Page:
Nazareth, Holy Land
Nazareth is the home of Mary and Joseph according to the gospels and the place where Jesus (pbuh) spent most of His life from childhood to adulthood.
Bells ring out from church Lowers. Cassocked monks and playing children rub shoulders with pilgrims from the world over. Aromas of fresh coffee, exotic spices and hot-from-oven breads perfume, the air in the colorful open-air market. And keeping watch above red-tiled roofs and minarets, the distinctive roof of the Basilica of the Annunciation dominates from every angle.
"The angel Gabriel was sent from God to a city of Galilee named Nazareth, to a virgin... and the virgins name was Mary.. And he came to her and said: Hail, O favored one, the Lord is with you... And behold, you will conceive in your womb and bear a son, and you shall call his name Jesus" (Luke I).
Gospel... the Annunciation... the "Good News" continues to emanate from the rolling, pastoral hills of the Galilee. No ancient sites in the Holy Land are so certain as the Christian sources of Christianity, and Nazareth, the site of the first Christian event, is where it all began.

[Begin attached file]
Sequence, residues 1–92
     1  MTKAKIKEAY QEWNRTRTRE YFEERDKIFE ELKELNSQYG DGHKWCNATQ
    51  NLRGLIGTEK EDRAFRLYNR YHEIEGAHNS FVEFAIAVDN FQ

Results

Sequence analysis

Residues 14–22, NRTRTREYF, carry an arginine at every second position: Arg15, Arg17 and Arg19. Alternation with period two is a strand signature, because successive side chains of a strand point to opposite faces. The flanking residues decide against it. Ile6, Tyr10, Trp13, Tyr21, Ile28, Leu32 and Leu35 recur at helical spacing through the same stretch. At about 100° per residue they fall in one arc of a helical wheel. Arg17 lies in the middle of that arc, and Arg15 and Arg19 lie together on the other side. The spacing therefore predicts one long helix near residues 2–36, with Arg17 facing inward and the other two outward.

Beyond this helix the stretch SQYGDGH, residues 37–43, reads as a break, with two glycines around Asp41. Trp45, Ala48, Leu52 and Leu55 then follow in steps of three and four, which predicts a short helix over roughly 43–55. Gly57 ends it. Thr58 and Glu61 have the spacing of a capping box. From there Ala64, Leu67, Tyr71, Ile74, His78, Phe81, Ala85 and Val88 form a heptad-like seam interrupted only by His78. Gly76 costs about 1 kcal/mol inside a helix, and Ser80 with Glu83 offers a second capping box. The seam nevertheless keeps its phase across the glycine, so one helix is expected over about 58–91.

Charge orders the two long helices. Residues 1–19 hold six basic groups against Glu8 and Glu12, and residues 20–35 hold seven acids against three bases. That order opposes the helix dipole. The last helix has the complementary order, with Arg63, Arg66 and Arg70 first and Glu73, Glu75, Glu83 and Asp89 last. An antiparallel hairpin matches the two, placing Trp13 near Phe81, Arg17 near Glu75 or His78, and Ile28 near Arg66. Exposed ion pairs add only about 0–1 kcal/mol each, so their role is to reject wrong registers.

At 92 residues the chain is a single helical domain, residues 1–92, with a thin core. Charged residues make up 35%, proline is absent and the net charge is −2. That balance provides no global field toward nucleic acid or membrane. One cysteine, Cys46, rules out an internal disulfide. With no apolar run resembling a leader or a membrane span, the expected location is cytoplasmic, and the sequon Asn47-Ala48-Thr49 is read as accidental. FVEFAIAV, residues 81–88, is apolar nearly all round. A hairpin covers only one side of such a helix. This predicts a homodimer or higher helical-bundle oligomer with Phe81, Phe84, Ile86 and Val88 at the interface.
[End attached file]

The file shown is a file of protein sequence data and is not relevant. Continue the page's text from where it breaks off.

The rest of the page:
Nestled in the embrace of protective hills, the once insignificant village is today home to some 60,000 inhabitants mostly Arabs, and 30 churches, convents and monasteries preserving and testifying to the ancient sites. When wildflowers cloak the hills in springtime, one can still "behold the lilies of the field" and readily imagine the ancient landscape.
Today, the home of Mary and Joseph according to the gospels and the place where Jesus (pbuh) spent most of His life; from childhood to adulthood; and commenced His ministry is the natural starting point for a Holy Land pilgrimage. As befits the ancient message of peace for all humankind, the city is a study in religious coexistence, since some 60% of Nazareth's populace is Muslim. Thus, both the minarets of mosques and church spires play along the Nazareth skyline, against the pastoral, rolling hills.
A stroll through Nazareth reveals a study in contrasting sights and flavors. Some 100 impressive stately homes from the period of Ottomans rule, known as the Old City Mansions, impart an air of grandeur to the city which complements the importance of the churches. Courtyards and lovingly-tended gardens provide islands of tranquility amidst the everyday bustle.
Modern-era structures enclose and protect holy grottoes, ancient Crusader and Byzantine churches and the very stream from which Mary drew water. A visit to each is a homage to the sources of faith.